According to this article yes:
And if men struggle with each other and strike a woman with child so that she has a miscarriage, yet there is no [further] injury, he shall surely be fined as the woman's husband may demand of him; and he shall pay as the judges decide. But if there is any [further] injury, then you shall appoint as a penalty life for life, eye for eye, tooth for tooth, hand for hand, foot for foot, burn for burn, wound for wound, bruise for bruise.1
If a man struggles and strikes a woman with child so she has a miscarriage, he is fined.
What about if the child (not the mom, or the other strugglers) is injured or death?
Does that mean "life for life" works here?
NB: This argument is used by "pro-life" Christians to argue that God considers an unborn baby a human being. So causing miscarriage means murder.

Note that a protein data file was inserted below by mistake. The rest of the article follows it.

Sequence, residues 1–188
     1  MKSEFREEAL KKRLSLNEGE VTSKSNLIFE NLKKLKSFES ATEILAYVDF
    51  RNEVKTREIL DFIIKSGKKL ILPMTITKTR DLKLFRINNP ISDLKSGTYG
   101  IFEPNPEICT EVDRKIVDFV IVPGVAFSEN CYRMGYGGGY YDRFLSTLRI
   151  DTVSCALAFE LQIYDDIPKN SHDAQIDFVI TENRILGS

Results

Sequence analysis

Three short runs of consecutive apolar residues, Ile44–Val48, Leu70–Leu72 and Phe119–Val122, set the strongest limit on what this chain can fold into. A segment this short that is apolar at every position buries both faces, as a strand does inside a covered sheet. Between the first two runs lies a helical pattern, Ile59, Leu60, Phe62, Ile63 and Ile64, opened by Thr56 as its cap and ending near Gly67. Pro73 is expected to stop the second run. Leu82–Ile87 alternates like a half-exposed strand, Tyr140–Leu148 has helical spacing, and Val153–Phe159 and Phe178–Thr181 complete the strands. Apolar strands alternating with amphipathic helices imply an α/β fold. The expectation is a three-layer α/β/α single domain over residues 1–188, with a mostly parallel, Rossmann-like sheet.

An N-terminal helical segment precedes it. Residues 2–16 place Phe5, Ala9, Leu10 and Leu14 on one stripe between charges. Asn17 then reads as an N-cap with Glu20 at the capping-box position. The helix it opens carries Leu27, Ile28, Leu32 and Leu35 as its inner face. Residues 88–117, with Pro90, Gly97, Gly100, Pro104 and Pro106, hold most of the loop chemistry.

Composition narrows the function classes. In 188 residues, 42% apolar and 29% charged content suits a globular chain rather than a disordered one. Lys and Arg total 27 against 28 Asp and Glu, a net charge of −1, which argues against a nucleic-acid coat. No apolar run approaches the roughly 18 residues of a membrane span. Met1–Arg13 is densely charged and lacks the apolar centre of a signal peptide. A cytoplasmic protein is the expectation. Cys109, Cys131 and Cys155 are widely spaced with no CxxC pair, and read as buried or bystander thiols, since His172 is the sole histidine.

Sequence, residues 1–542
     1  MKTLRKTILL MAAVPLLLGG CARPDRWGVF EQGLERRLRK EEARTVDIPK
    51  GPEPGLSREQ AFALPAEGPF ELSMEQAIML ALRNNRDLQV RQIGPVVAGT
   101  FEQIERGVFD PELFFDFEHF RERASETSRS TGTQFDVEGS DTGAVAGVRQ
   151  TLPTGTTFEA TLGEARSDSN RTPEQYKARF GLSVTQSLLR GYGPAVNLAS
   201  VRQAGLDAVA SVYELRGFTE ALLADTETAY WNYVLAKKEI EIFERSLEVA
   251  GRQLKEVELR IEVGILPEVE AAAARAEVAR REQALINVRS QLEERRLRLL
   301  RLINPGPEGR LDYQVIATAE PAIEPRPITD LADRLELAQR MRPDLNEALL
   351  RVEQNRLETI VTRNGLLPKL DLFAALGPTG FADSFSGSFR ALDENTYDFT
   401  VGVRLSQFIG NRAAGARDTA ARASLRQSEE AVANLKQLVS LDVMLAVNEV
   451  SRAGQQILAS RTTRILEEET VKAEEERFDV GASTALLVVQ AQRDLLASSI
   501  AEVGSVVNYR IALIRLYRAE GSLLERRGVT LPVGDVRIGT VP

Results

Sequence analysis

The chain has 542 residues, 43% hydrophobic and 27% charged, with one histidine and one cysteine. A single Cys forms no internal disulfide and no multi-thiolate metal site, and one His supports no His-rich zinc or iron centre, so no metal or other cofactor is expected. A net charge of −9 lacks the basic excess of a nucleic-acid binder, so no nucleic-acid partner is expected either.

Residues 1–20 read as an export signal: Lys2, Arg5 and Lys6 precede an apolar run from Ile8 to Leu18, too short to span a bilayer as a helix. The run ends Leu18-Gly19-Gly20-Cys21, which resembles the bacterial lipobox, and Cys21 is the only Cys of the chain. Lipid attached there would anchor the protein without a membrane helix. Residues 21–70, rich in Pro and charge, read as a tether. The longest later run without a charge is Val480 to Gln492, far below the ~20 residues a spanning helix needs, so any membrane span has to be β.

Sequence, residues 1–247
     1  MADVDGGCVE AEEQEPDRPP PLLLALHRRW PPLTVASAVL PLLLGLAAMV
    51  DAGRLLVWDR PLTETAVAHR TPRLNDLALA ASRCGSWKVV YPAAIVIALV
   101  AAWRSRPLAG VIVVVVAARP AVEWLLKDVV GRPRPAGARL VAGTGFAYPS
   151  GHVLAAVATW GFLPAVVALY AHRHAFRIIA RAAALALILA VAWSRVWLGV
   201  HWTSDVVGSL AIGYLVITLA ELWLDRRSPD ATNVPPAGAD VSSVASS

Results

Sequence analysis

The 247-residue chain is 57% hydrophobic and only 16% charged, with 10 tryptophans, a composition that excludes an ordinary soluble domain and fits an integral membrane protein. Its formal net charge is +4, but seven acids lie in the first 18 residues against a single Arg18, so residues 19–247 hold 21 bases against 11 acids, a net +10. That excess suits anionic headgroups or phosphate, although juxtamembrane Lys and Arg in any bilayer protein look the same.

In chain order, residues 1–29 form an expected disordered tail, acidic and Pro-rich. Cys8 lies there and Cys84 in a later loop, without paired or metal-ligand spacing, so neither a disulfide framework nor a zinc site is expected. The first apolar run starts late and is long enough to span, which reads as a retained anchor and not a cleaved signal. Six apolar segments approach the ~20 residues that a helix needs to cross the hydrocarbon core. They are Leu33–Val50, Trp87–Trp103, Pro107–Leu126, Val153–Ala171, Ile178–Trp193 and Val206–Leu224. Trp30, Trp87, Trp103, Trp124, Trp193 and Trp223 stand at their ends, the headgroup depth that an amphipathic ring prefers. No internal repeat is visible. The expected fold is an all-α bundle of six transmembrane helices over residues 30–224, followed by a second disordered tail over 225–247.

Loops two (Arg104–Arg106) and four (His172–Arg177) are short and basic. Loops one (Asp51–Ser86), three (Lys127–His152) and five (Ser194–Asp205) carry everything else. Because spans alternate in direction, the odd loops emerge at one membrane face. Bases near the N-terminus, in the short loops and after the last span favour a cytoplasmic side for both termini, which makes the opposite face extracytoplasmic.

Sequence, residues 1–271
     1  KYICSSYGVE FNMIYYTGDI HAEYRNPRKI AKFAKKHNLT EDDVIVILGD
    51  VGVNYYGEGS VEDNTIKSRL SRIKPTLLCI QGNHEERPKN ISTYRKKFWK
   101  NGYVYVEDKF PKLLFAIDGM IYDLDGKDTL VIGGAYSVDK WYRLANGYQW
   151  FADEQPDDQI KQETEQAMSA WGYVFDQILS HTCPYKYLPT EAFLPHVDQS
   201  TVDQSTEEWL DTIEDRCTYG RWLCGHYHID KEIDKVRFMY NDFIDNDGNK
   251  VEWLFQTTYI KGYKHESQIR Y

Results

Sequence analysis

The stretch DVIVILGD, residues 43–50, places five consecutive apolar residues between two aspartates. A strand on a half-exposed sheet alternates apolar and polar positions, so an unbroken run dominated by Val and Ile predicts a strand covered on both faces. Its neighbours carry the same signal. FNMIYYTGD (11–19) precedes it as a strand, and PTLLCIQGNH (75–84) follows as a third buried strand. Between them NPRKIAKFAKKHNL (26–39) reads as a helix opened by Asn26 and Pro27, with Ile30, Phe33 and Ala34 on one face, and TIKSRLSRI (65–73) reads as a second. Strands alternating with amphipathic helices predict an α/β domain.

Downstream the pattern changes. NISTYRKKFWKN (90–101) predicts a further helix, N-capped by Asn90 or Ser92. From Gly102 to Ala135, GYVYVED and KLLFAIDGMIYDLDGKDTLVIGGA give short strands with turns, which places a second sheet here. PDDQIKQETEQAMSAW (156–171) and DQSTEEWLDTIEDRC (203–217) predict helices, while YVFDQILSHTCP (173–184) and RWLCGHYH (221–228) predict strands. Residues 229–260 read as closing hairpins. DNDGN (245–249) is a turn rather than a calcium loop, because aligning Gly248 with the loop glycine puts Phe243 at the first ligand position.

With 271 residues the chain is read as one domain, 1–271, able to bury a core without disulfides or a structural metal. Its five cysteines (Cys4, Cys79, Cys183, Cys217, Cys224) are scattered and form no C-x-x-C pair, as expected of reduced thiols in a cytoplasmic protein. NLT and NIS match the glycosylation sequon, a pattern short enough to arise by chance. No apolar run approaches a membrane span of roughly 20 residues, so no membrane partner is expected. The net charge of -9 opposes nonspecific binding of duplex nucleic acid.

I found it quite unlikely that a primitive society can have a law that value an unborn child so highly. Also, I suspect, with the state of medical advance at that time, people would normally expect a baby that "came out" due to a fight prematurely to die.
However, the article argues:
Yatza is used 1,061 times in the Hebrew Bible. It is never translated "miscarriage" in any other case. Why should the Exodus passage be any different?
I suppose the Jews should know more. After all, the Torah used to be a working law in ancient Israel. There should have been some records on how it's actually interpreted by their supreme court thingy.
So what's the story?
I want Judaism perspective and actual historical perspective. How was the verse actually interpreted by ancient Jewish judges?